The Second Strangest Thing About This Election

I expect that in the coming years, political scientists will be studying why one of the major parties in this country nominated Donald Trump to be president. That will forever go down as the strangest thing about this election.

But running a close second is the relationship between the Republican nominee, Russian President Vladimir Putin and Wikileaks founder Julian Assange. GOP hero Ronald Reagan once called the former Soviet Union “evil” and, while most of the country bought into anti-communism during the Cold War, it was the Republicans who led the way.

Now that same party has nominated Donald Trump – who finds it offensive to criticize the Russian leader.

Speaking at a rally in Springfield, Ohio, Trump took issue with Clinton’s criticism of the Russian strongman, who has been denounced for his military assertiveness and anti-democratic tendencies.

”She speaks very badly of Putin, and I don’t think that’s smart,” Trump said. ”How do you speak so badly of someone?”

That one caused Steve Benen to do a double-take.

Let me get this straight. When it comes to foreign affairs, Trump believes it’s perfectly “smart” to speak “very badly” about China, Mexico, NATO allies, and others. When it comes to domestic affairs, Trump has no qualms about speaking “very badly” about women, Latinos, African Americans, veterans, immigrants, people with disabilities, U.S. military leaders, and America’s elected leaders.

But if Hillary Clinton has unkind words for Russia’s authoritarian bully, that rubs Trump the wrong way.

He could have gone on to list all of the 282 people the NYT documents that Trump has insulted on twitter. But suffice it to say that it is extraordinary that Vladimir Putin seems to be the one and only person the Republican nominee feels is off limits. Amazing!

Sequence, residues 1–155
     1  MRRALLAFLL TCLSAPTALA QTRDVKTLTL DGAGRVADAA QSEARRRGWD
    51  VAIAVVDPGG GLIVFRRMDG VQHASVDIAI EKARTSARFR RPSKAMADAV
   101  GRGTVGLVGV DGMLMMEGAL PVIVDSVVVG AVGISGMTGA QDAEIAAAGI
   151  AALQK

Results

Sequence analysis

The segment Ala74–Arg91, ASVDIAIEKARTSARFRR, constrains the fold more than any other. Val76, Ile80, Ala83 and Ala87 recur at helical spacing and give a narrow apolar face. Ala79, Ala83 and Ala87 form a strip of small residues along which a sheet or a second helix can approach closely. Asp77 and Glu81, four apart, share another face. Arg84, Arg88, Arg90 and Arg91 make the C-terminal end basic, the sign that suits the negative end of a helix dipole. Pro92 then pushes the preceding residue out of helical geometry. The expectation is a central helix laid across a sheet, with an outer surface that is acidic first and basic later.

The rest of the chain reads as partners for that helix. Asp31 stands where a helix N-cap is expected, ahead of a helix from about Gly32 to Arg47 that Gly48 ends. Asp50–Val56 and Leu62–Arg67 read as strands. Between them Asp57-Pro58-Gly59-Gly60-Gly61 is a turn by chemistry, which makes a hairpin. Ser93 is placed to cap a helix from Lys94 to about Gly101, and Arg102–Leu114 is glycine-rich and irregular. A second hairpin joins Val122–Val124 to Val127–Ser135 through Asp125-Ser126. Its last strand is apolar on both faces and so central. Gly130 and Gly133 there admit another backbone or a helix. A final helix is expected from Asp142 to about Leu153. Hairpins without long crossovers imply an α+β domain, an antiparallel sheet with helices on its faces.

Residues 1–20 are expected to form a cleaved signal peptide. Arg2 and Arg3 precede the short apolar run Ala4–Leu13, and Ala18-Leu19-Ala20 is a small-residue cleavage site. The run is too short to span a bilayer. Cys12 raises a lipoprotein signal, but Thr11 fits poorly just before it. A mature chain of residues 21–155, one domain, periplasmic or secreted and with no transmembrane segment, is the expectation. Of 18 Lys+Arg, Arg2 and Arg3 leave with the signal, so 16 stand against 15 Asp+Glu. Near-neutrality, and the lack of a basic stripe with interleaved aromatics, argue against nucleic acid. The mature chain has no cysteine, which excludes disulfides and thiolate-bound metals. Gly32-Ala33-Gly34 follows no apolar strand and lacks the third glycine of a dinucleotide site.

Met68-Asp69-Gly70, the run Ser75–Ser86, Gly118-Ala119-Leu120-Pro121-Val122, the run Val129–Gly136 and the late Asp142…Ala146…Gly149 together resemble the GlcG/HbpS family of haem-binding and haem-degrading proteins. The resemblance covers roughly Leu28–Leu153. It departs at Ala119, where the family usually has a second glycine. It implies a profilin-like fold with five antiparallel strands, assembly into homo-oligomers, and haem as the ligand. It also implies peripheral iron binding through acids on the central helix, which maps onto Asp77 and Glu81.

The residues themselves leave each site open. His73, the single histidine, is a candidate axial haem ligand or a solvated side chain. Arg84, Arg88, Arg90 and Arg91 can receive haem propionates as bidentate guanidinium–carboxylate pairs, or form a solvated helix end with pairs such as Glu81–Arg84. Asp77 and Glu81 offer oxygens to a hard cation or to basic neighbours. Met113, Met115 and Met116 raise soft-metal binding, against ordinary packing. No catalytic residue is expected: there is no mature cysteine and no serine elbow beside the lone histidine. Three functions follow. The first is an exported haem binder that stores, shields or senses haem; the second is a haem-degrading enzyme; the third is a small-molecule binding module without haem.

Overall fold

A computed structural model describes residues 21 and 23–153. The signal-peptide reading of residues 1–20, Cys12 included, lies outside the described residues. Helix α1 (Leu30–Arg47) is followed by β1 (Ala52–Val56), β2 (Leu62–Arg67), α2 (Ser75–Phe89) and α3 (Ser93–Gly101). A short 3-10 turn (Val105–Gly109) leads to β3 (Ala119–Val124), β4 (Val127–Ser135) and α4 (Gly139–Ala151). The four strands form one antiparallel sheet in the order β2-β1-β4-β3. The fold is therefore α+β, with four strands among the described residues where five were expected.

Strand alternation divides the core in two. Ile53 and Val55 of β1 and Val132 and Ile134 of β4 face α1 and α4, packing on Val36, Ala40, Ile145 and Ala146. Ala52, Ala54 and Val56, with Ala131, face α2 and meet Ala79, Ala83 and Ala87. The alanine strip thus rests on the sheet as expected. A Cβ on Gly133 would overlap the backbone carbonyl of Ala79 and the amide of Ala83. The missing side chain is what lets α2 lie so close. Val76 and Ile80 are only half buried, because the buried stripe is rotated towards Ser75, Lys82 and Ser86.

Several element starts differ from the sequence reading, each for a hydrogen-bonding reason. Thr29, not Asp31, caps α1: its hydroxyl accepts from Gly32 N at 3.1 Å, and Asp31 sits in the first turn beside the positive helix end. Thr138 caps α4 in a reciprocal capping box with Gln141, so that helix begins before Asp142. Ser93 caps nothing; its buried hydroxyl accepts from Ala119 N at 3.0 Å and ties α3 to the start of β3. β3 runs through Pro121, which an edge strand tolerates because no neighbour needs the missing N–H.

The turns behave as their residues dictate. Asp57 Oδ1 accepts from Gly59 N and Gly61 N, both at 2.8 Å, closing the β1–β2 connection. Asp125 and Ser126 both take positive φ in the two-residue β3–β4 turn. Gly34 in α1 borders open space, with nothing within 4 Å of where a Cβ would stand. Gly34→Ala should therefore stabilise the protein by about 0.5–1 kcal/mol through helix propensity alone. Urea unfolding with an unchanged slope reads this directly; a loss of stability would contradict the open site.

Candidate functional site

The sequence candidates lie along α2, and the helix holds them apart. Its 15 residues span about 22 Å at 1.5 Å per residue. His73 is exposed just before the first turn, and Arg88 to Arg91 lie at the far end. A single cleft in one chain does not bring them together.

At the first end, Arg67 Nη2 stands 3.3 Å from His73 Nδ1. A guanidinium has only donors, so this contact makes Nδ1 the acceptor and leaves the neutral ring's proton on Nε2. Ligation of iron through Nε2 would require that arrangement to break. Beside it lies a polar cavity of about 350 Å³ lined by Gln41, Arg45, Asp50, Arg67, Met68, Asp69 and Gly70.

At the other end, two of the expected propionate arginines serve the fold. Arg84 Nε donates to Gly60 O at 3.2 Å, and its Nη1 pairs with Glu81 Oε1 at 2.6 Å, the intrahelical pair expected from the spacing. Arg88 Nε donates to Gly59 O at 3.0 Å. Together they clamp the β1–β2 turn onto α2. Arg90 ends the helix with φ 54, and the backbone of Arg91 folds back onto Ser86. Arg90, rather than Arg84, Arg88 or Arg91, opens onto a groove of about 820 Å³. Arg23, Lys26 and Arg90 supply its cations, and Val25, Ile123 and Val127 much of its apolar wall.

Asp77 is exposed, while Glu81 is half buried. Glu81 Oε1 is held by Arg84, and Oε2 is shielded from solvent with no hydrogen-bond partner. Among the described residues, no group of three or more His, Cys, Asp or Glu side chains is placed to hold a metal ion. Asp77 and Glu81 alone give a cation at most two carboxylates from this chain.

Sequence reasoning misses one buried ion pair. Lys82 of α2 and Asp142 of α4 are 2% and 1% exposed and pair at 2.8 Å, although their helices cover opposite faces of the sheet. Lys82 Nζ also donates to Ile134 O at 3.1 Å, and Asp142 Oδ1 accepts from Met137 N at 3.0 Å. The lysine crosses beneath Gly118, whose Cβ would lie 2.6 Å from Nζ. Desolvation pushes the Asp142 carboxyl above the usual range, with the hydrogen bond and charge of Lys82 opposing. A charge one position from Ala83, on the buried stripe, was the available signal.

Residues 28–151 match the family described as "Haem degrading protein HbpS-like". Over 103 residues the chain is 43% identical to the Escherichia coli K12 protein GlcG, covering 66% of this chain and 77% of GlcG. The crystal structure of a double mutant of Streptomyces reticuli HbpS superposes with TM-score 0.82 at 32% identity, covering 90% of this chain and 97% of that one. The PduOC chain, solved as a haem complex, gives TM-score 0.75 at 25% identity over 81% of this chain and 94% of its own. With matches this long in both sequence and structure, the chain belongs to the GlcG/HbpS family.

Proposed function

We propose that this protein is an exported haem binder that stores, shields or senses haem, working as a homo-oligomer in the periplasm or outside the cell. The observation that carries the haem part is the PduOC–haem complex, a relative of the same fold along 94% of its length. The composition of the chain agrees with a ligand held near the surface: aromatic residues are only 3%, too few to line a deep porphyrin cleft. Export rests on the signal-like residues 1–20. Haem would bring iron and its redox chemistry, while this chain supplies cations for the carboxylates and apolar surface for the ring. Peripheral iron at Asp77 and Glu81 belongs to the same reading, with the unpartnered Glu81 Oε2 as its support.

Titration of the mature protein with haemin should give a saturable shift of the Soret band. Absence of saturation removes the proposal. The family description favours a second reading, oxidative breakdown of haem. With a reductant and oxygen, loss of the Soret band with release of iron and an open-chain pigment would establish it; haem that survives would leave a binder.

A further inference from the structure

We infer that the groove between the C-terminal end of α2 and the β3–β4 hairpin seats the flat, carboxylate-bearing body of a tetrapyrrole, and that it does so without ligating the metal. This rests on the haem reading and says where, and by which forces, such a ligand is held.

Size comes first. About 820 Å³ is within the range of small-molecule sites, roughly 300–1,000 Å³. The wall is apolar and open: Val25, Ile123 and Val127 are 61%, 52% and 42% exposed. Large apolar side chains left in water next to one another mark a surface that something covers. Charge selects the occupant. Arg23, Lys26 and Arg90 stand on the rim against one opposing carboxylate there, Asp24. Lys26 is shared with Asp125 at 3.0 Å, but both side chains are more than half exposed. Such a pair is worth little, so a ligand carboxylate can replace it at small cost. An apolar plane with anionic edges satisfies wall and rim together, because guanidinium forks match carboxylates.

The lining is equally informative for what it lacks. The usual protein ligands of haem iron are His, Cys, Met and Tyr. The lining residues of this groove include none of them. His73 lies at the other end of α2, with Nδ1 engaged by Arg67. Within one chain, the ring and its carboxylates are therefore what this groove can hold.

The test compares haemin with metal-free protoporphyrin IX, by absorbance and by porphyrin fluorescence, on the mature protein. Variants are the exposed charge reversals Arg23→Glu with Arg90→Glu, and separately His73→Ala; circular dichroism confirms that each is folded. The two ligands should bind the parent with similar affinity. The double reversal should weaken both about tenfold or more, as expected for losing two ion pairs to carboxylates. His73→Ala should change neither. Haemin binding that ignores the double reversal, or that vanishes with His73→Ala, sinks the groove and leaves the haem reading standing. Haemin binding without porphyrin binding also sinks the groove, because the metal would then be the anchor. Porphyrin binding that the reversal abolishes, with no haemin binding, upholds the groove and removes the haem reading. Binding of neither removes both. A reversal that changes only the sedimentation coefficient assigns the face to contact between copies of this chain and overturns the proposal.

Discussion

Into that little bromance walks Julian Assange – who became quite the hero to liberals with the release of diplomatic cables by Chelsea Manning and his work on behalf of Edward Snowden. And yet now we find him coordinating with the Russian government to elected Donald Trump to the presidency.

I found Marlo Stern’s interview with Pussy Riot’s Nadya Tolokno to be very telling on that score. She notes all of the ways that Trump and Putin are similar (and dangerous). When asked whether or not Assange is working with Putin, she basically said, “He couldn’t deny it.” And here is how she described Assange’s goals after meeting with him at the Ecuadorian Embassy in England.

It was a tough conversation between me and Julian Assange about that when I came to the Ecuadorian Embassy two years ago. We had the conversation and you can’t really blame people for having another position. I understood his position: he’s in a state of war with the American government. He’s smart and charismatic and will use any means to destroy the American government. And we had a conversation if it was really the ethical thing to do that with the hands of another government [Russia] which is, in fact, much worse and a real authoritarian government. Julian Assange is a really good diplomat, so he can basically just dodge direct answers from my questions on that, and gives other answers—as Putin usually does when people ask him directly about some uncomfortable things.

To the extent that you believe what she is saying (and we have no reason not to because she goes on to say that she supports the work of Wikileaks), that is much more sinister than the idea that Assange has some deep antipathy for Hillary Clinton. It is no wonder that he aligns himself with Vladimir Putin if that is the case.

Regardless of what happens to Trump in a couple of weeks, these two men – Putin and Assange – will still be out there advancing their own agendas. It behooves us to be clear what that’s all about.

Nancy LeTourneau

Nancy LeTourneau is a contributing writer for the Washington Monthly. Follow her on Twitter @Smartypants60 .